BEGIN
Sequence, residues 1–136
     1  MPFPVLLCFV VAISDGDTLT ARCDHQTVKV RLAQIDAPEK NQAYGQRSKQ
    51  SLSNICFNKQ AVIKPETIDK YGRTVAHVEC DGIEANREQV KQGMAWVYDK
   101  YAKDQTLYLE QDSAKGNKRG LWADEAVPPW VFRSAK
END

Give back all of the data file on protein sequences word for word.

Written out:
Sequence, residues 1–136
     1  MPFPVLLCFV VAISDGDTLT ARCDHQTVKV RLAQIDAPEK NQAYGQRSKQ
    51  SLSNICFNKQ AVIKPETIDK YGRTVAHVEC DGIEANREQV KQGMAWVYDK
   101  YAKDQTLYLE QDSAKGNKRG LWADEAVPPW VFRSAK